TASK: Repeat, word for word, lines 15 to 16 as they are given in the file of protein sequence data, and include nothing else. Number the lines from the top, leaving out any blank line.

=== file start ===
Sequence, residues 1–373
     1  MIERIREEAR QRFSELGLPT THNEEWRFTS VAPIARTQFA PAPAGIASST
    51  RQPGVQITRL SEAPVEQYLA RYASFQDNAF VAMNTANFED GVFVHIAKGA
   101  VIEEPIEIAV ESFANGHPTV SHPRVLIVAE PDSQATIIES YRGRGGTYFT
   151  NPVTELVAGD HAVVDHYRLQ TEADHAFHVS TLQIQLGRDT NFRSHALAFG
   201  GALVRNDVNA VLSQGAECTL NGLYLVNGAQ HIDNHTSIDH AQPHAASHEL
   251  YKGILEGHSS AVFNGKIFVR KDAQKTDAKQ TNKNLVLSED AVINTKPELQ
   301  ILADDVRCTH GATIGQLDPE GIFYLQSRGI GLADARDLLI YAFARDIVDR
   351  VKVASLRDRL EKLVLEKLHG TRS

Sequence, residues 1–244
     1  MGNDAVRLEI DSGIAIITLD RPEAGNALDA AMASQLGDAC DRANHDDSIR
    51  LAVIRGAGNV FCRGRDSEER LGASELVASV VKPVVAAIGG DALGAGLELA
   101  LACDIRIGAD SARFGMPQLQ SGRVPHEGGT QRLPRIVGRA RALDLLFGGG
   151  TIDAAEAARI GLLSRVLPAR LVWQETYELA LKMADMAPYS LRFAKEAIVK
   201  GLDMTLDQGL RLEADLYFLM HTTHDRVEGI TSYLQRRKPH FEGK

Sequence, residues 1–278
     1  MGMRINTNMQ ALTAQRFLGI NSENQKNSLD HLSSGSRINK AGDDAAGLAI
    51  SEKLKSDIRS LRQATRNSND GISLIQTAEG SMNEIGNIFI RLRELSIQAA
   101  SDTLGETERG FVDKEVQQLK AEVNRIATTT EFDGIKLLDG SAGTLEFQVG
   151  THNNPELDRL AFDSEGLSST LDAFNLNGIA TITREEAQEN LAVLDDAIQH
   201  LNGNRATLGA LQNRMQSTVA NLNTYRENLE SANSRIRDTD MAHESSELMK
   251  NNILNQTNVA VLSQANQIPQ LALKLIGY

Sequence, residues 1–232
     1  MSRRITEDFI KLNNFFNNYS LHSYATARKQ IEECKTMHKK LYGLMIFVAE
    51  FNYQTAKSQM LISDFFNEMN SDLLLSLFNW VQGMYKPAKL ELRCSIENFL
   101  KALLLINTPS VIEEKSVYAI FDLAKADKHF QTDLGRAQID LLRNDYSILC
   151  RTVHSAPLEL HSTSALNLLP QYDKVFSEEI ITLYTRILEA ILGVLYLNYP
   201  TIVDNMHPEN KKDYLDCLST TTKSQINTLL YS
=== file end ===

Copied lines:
   201  GLDMTLDQGL RLEADLYFLM HTTHDRVEGI TSYLQRRKPH FEGK

Sequence, residues 1–278